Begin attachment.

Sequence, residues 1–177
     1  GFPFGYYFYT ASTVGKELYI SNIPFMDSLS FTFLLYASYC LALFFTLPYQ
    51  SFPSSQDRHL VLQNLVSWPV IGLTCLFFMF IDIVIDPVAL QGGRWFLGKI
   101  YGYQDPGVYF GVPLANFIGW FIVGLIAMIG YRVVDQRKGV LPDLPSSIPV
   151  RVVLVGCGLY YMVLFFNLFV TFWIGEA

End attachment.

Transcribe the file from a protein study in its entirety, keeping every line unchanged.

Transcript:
Sequence, residues 1–177
     1  GFPFGYYFYT ASTVGKELYI SNIPFMDSLS FTFLLYASYC LALFFTLPYQ
    51  SFPSSQDRHL VLQNLVSWPV IGLTCLFFMF IDIVIDPVAL QGGRWFLGKI
   101  YGYQDPGVYF GVPLANFIGW FIVGLIAMIG YRVVDQRKGV LPDLPSSIPV
   151  RVVLVGCGLY YMVLFFNLFV TFWIGEA